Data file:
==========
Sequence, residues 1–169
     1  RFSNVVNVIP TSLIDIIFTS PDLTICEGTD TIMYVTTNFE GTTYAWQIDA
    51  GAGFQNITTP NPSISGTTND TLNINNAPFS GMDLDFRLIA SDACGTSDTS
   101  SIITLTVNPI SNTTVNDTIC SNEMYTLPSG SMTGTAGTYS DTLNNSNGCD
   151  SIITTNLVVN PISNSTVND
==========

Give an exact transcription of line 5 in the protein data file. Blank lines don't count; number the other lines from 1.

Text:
   151  SIITTNLVVN PISNSTVND